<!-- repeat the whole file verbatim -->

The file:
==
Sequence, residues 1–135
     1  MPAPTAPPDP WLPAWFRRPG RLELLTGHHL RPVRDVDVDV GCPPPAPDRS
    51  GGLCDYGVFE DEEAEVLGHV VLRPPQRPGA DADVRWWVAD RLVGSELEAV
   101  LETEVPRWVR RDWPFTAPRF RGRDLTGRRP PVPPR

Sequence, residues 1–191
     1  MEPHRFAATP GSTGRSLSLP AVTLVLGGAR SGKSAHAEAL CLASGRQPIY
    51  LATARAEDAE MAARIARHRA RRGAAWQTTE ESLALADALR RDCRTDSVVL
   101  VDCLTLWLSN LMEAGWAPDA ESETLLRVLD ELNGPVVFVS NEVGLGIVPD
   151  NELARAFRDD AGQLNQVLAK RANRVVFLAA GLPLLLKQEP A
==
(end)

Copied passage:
Sequence, residues 1–135
     1  MPAPTAPPDP WLPAWFRRPG RLELLTGHHL RPVRDVDVDV GCPPPAPDRS
    51  GGLCDYGVFE DEEAEVLGHV VLRPPQRPGA DADVRWWVAD RLVGSELEAV
   101  LETEVPRWVR RDWPFTAPRF RGRDLTGRRP PVPPR

Sequence, residues 1–191
     1  MEPHRFAATP GSTGRSLSLP AVTLVLGGAR SGKSAHAEAL CLASGRQPIY
    51  LATARAEDAE MAARIARHRA RRGAAWQTTE ESLALADALR RDCRTDSVVL
   101  VDCLTLWLSN LMEAGWAPDA ESETLLRVLD ELNGPVVFVS NEVGLGIVPD
   151  NELARAFRDD AGQLNQVLAK RANRVVFLAA GLPLLLKQEP A